1. Introduction and purpose

The Centre for Science Access (CSA) which includes the B.Sc4 (Augumented) programme, the B.Sc4 (Foundation) Programme and Science Foundation Programme (SFP) at the University of KwaZulu-Natal on the Pietermaritzburg and Westville campuses has pioneered a successful model of Faculty-based Counselling in a tertiary institution. The Life skills and counselling component is closely integrated with all the other parts of the access programmes to ensure that it is relevant and meets the needs of students in a holistic way. It includes training in life skills, vocational guidance, mediation, academic monitoring and personal Counselling. The CSA employs 3 full time qualified Counselling Psychologists as well as a Careers Advisor. Without this component, it is unlikely that SFP and B.Sc. 4 students would have performed nearly as well academically as they have.

The purpose of the Life skills and Counselling component is to:

  • prepare students better for the world of work including expanding their knowledge about careers in Science and Applied Science.
  • develop students as life-long learners to help students to manage better the transition from school to a tertiary institution.
  • ensure that students' emotional and personal needs are met as well as their academic needs since we know that many students' academic performance and level of motivation are affected by personal issues (such as death in the family, HIV/Aids, trauma, financial hardship etc.) as opposed to purely academic factors.

2. Structure of the Life skills and Counselling component

The Life skills component consists of a double lecture period for each group of about 30 students per week. The Life skills module is not a credit bearing module but 80% attendance is required for students to proceed into the Faculty of Science and Agriculture. In the double lecture period, many life skills workshops are offered e.g. stress and time management, study skills, conflict resolution, examination and test skills, employment skills and financial aid, and career decision making. These workshops help students to cope with the demands of University life, teach them valuable skills in academic literacy and improve their confidence, sense of belonging, and self-esteem. Career counselling, curriculum planning, course choice, and career development are also dealt with.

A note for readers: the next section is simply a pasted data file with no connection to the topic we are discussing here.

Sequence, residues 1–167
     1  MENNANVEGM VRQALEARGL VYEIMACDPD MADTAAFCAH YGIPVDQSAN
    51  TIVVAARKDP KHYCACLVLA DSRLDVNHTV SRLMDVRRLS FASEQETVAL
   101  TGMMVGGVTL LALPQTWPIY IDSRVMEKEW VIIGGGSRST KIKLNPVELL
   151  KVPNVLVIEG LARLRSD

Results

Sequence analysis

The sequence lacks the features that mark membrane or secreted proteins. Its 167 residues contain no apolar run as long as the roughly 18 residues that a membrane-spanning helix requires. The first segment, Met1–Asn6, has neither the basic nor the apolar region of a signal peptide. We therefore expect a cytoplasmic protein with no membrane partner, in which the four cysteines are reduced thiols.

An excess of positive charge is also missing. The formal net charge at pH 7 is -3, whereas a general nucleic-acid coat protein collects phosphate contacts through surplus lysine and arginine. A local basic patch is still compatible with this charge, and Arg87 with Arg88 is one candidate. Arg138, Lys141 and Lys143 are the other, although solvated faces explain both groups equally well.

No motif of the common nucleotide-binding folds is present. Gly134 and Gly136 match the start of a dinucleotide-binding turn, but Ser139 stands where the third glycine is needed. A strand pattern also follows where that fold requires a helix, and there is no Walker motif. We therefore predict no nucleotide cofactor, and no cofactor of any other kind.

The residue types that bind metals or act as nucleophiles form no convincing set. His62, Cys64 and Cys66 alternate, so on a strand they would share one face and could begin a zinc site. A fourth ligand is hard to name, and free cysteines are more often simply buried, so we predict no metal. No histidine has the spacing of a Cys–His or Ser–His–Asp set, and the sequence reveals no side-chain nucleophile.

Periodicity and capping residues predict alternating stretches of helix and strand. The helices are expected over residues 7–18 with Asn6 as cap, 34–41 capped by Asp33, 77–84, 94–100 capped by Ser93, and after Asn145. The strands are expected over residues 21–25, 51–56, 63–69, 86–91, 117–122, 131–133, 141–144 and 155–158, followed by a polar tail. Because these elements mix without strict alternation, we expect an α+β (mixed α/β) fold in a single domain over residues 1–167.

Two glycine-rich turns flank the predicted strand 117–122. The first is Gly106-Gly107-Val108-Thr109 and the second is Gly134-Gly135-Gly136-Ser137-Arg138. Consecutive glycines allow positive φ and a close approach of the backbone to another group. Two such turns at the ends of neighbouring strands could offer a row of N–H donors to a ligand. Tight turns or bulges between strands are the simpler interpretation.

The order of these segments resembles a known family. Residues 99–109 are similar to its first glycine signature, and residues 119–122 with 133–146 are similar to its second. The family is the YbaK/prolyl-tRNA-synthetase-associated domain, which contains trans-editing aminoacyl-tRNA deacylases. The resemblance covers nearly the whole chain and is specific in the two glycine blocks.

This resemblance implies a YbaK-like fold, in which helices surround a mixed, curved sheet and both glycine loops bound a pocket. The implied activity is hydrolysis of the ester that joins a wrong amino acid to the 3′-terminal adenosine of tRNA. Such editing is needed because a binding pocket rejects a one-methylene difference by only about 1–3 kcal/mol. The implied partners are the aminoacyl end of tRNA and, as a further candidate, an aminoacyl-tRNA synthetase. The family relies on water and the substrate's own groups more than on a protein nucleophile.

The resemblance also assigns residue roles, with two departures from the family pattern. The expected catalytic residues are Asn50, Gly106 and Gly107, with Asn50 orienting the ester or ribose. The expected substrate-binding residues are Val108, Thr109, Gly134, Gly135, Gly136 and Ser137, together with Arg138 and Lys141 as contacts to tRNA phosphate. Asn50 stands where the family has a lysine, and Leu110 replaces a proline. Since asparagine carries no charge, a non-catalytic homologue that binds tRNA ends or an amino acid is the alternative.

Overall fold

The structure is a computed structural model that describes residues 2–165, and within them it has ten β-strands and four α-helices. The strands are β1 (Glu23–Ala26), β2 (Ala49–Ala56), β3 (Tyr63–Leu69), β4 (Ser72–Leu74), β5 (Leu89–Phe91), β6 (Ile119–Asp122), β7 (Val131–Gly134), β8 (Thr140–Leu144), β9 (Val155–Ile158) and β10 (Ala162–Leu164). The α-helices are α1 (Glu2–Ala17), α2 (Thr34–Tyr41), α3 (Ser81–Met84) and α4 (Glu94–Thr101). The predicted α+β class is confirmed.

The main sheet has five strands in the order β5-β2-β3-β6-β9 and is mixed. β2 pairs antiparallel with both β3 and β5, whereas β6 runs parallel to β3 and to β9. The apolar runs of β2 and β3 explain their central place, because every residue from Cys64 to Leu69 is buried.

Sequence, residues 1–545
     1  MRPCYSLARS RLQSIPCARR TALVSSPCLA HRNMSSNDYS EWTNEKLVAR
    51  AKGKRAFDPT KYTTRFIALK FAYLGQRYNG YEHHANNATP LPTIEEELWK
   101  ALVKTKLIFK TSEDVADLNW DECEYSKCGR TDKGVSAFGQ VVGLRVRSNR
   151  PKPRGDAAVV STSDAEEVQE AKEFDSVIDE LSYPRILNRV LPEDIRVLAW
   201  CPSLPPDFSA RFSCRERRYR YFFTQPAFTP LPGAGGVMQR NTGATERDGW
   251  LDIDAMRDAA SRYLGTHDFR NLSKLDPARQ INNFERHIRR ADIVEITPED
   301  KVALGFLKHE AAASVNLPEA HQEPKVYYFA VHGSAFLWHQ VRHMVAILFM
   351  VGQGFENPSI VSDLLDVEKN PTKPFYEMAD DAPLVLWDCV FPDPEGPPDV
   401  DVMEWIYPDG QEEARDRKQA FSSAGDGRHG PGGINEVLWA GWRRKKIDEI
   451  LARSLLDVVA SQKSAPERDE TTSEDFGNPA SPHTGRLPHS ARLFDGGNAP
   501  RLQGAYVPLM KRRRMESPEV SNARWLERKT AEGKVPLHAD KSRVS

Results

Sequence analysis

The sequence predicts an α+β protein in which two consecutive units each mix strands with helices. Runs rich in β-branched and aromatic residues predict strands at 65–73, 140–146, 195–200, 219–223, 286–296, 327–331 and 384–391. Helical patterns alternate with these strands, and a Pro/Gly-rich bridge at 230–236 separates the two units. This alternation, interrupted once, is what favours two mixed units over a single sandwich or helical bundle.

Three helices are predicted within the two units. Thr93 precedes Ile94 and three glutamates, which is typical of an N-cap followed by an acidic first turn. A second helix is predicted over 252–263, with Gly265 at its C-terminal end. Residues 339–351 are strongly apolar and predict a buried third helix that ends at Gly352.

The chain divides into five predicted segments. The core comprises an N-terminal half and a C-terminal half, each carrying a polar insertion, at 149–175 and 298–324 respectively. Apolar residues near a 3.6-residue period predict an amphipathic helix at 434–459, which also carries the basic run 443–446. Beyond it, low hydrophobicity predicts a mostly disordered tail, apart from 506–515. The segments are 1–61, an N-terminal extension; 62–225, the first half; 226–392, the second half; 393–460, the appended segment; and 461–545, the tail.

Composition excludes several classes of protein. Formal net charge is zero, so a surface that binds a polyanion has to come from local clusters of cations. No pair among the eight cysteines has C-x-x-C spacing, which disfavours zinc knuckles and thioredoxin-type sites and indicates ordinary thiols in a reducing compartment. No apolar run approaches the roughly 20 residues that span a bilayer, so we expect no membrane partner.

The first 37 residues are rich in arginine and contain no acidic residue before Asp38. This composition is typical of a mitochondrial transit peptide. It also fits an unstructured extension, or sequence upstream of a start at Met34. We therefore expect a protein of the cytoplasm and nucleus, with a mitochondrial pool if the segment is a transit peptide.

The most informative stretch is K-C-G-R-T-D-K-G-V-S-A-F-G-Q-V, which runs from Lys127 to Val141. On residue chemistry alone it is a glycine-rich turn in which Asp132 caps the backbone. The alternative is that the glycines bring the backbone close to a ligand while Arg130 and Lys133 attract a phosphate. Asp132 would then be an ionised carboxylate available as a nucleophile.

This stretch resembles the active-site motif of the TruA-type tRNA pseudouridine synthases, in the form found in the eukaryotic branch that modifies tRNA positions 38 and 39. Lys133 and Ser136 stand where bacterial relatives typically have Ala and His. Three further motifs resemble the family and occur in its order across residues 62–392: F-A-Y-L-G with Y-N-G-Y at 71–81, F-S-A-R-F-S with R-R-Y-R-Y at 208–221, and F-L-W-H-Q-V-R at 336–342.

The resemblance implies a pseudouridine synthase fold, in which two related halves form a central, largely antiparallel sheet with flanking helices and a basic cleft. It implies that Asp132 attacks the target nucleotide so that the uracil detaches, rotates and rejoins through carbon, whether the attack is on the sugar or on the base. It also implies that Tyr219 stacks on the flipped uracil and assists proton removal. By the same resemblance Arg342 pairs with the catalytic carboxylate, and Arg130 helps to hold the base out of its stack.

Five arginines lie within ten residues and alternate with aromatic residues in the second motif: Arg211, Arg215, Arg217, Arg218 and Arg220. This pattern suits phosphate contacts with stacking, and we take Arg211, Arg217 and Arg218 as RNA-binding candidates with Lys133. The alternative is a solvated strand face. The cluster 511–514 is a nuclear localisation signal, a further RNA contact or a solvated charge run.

In addition, students are encouraged to make appointments for individual Counselling (for personal and academic problems). Students have access to regular confidential individual counselling where issues such as family problems, depression, rape, violence, bereavement, anxiety, fatigue, inability to concentrate, study skills, time management and procrastination are dealt with.

The Counsellors monitor students' progress across their subjects, contact students who are not coping in an attempt to address any difficulties they might be having, and liaise closely with staff teaching the foundation and extended modules.

They also facilitate mediation between staff and students. In these sessions students and staff have the opportunity to discuss any matters of concern to them and to talk about their progress. This improves relations between staff and students, and can be useful in dealing with potentially destructive conflicts and misunderstandings which may cause staff and students to become demotivated and demoralized if left unchecked.

The Counsellors also perform a large number of administrative tasks e.g. writing testimonials for students, contacting companies for bursaries, writing letters, attending meetings, monitoring student attendance registers etc. They are also responsible for training the class representatives in leadership, listening, conflict resolution and facilitation skills.

Any queries related to the above may be directed to Shelley Barnsley, Senior Counselling Psychologist, who can be contacted on (033) 260 5697 or via email at the address

Members of the Life Skills Counselling Component

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